“The longer we can defer making any commitments to a specific business model, the better we’ll be,” says Paul, “because the landscape is changing all the time.”

That means Aeon’s stories are free, even while the publication pays its writers at rates comparable to those paid by broadsheet newspapers. (The founders won’t say exactly what that rate is, but Brigid says 60 cents a word is “not a bad guess.”) It also means there are no ads, and the editors don’t mind if you leave the Aeon website to read a story somewhere else. A link to “Read later or Kindle” is placed on the same line as the by-line and the word-count, a subtle indicator that the story is king, even if it means readers ultimately spend less time on the site.

The content-first approach to modern publishing may turn out to be a winner, even as the business challenges for journalism remain significant and unresolved. Thanks to the distributive networks such as Twitter, Facebook, and email, and the concurrent rise of mobile devices as the mediums to which those networks pump content, the idea of a homepage or a magazine bundle just simply doesn’t matter as much as it did in the print age or the first two decades of the Web.

Stories must now travel on their own, to be judged on their individual strengths independent of the context within which they were originally placed. Soon, if it’s not true already, magazine brands will matter more as marks of quality or tone than they do as gatherers and arrangers of content in a unified experience. By predicating its publishing model on stories that can be pried from the bundle and whose ideas stand on their own, Aeon confirms itself as a bankable brand synonymous with quality and depth. It publishes stories based not on how many clicks their headlines might generate, but on engaging people’s attention for a meaningful period of time. That is the standard to which magazines of the mobile era must aspire.

Of course, unlike other startup publications, Aeon can afford such luxuries, because it doesn’t yet have to worry about making money. In three years’ time, it may be forced to take a less reader-friendly approach in a search for revenue. In terms of business, all Aeon has proven in its first 12 months is that it can fund its own boutique publishing operation. The real tests come as it scales, and when the numbers in the bank account approach zero. For now, traffic on the site seems to be doing okay. Some stories do much better than others, with the most-circulated pieces attracting as many as 2,000 tweets or Facebook likes. But the founders decline to share traffic numbers.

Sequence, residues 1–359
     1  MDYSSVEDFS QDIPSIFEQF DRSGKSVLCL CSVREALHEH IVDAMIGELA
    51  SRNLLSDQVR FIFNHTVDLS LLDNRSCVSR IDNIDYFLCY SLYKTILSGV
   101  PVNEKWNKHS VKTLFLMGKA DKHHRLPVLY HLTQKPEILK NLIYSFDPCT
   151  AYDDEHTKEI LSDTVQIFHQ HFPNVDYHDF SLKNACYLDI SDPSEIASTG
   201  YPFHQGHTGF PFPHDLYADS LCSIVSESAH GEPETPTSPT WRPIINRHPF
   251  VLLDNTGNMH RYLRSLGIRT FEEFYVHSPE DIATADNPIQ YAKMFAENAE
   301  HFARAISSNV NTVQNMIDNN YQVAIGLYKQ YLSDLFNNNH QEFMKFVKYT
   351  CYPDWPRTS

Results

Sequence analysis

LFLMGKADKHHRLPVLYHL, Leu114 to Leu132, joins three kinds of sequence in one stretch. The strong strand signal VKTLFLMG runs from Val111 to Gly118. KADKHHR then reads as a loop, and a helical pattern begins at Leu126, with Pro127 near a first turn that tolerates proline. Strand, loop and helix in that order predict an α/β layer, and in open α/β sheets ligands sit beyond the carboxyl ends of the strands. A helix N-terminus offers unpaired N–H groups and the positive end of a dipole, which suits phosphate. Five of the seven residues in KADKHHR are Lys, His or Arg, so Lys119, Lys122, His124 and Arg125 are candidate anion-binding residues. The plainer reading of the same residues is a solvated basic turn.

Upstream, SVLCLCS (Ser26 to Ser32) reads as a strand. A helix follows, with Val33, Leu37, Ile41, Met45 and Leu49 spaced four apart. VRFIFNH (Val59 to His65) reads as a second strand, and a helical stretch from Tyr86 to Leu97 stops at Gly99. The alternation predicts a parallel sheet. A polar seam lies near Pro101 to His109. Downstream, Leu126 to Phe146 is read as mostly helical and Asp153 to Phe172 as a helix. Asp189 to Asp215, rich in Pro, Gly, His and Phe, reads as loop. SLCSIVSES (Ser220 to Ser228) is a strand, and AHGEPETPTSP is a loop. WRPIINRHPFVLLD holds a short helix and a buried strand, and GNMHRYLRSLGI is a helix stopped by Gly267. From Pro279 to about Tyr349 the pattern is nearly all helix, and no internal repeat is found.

Next, Aeon will build on its brand by launching a companion site dedicated to films (as distinct from “videos,” Paul stresses). Aeon Film will reflect the ethos of the magazine, say the Hainses, with an emphasis on short documentaries. The films showcased will be a mix of material curated from around the Web and exclusives that the company pays to license.

The film vertical, says Paul, will seed the transition from the text-based digital publication to a multimedia product. At that point, Aeon will be one step more unconventional than it already is. It is the magazine that isn’t, the anti-aggregator, the publication that insists on going slow when every other force of the Internet demands that we speed up.

But considering how well traditional models are working in today’s media landscape, unconventional is probably a good thing.